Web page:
Research shows that young children who grow up in poor households are more likely to be excluded from early learning and health services because their families cannot afford transport to clinics or government offices, or because the fees of early-learning programmes are unaffordab­le.

Deeply entrenched inequality is evident when one considers that twothirds of black children live below the poverty line, compared with 2% of

white children.

This means that most black children start their schooling career on an unequal footing. It also illustrate­s the inextricab­le link between income levels and access to early-learning programmes and child outcomes – further driving South African inequality.

And even though access to early learning programmes has expanded over time, there is still stark inequality in the distributi­on and quality of programmes, and the level of funding from the government.

The report recommends focused government investment in the early childhood developmen­t workforce and quality early childhood developmen­t services in order to reduce this gap. Currently, only about 1.5% of the country’s GDP is spent on early-childhood developmen­t, most of which goes to child-support grants.

A mere 6.5% of this budget is allocated for early learning, nutrition support and supportive parenting programmes.

For the government to unlock the multiplier effects of early-childhood developmen­t, the first key lever is to access public financing to pay and skill the early childhood developmen­t workforce through sector education and training authoritie­s or public employment programmes.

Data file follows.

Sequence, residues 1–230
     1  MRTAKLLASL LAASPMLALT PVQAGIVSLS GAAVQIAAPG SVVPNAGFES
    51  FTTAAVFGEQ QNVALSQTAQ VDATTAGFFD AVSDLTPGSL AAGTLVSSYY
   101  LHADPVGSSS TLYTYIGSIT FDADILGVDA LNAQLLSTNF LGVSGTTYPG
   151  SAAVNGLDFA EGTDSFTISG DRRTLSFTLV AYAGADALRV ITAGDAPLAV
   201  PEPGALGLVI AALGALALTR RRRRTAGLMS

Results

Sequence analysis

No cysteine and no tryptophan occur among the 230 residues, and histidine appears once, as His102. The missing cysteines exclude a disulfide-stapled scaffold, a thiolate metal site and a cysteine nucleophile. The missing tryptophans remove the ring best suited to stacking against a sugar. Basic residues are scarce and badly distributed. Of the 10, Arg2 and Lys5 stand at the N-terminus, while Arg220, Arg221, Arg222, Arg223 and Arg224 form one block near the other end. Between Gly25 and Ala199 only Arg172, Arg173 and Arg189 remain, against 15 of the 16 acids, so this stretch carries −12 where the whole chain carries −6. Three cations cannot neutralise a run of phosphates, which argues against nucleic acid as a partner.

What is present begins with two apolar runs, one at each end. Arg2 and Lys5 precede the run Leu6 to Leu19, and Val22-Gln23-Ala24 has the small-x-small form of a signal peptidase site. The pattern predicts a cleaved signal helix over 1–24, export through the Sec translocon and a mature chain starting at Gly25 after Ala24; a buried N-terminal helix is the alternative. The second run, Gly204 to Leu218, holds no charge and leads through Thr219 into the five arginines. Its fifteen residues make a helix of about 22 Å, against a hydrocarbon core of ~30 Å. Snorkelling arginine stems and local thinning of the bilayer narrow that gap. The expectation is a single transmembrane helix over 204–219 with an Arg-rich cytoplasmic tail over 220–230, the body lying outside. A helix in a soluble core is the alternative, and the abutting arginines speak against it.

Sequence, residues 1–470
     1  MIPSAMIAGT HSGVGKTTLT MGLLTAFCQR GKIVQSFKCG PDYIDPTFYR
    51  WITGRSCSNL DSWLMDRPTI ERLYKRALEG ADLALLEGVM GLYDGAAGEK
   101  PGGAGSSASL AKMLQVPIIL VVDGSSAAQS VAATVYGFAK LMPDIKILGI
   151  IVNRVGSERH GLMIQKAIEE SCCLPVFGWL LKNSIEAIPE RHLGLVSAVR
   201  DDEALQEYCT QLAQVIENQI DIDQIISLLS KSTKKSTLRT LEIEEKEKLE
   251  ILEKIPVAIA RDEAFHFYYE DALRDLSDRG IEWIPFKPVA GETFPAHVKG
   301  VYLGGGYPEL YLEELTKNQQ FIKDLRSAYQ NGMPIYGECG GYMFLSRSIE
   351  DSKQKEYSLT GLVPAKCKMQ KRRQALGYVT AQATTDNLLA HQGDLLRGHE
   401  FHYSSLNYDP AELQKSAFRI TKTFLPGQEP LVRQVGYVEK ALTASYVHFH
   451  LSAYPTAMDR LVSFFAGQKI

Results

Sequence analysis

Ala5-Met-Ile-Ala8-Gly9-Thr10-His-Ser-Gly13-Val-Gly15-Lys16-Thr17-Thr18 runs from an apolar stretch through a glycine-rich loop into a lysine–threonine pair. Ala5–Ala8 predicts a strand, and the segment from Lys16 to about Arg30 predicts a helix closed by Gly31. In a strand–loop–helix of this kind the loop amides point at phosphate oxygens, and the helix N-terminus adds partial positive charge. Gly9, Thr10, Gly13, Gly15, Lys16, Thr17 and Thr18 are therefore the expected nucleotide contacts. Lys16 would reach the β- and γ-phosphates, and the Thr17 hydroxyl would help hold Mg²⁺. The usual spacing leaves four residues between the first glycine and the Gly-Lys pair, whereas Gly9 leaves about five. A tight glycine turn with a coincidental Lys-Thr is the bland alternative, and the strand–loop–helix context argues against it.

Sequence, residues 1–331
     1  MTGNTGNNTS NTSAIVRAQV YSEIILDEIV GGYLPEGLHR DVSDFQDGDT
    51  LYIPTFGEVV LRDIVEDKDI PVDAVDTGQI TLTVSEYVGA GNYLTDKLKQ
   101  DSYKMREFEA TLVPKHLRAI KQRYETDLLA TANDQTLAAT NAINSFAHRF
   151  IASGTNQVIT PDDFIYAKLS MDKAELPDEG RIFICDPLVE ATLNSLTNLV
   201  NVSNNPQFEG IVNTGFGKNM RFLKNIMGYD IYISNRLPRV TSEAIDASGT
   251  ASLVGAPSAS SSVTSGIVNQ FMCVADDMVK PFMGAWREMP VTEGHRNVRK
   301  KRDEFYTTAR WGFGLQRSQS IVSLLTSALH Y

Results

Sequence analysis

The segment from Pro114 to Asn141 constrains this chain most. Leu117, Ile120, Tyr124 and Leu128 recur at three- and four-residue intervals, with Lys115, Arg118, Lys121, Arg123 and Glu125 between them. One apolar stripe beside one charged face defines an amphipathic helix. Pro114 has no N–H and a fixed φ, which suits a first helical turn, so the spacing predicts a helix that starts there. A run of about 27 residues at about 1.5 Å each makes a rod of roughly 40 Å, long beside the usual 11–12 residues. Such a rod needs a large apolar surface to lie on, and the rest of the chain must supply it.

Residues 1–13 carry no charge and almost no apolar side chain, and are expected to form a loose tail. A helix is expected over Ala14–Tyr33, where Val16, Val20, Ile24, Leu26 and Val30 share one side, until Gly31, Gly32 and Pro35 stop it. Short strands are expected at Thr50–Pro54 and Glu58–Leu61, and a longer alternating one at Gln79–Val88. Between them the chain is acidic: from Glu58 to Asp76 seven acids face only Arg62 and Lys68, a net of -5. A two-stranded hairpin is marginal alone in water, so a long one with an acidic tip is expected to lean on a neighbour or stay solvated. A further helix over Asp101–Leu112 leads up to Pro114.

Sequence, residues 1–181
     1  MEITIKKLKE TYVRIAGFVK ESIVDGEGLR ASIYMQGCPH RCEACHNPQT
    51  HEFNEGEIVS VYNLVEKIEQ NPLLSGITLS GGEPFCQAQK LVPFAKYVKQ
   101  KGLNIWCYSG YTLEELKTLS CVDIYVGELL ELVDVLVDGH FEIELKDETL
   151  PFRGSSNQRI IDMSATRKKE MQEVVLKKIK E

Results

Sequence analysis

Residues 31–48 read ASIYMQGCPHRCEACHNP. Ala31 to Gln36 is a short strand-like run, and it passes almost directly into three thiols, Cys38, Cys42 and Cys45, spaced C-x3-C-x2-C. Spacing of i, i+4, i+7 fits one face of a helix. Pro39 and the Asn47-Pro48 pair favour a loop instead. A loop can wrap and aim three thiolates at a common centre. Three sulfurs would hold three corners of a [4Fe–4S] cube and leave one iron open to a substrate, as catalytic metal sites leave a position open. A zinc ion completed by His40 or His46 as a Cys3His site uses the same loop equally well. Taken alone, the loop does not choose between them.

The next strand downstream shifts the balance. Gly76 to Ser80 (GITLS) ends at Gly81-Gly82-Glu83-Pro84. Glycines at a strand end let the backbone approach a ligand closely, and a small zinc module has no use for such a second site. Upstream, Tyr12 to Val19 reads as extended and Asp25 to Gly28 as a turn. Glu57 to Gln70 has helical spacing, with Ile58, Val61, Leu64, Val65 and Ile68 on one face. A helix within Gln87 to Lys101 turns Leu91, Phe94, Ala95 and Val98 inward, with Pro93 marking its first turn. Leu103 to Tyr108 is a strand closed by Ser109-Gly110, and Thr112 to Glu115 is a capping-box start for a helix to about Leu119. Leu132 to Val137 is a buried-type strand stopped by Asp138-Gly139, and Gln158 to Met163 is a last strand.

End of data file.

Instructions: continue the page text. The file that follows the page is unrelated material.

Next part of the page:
The second key lever is to develop more inclusive regulatory frameworks that allow unregister­ed early-childhood developmen­t sites to access funding and quality support.

The recent abandonmen­t of the requiremen­t that non-profit organisati­ons be registered before they are eligible for funding is one example. Expanded funding would lighten the load on caregivers’ need to pay fees and improve access to early-leaning programmes for all children.

A major incentive for the government to unlock this financing is research that shows that investing in early childhood accrues benefits over the life course, with returns for schooling, tertiary education, employment prospects and ultimately national budgets.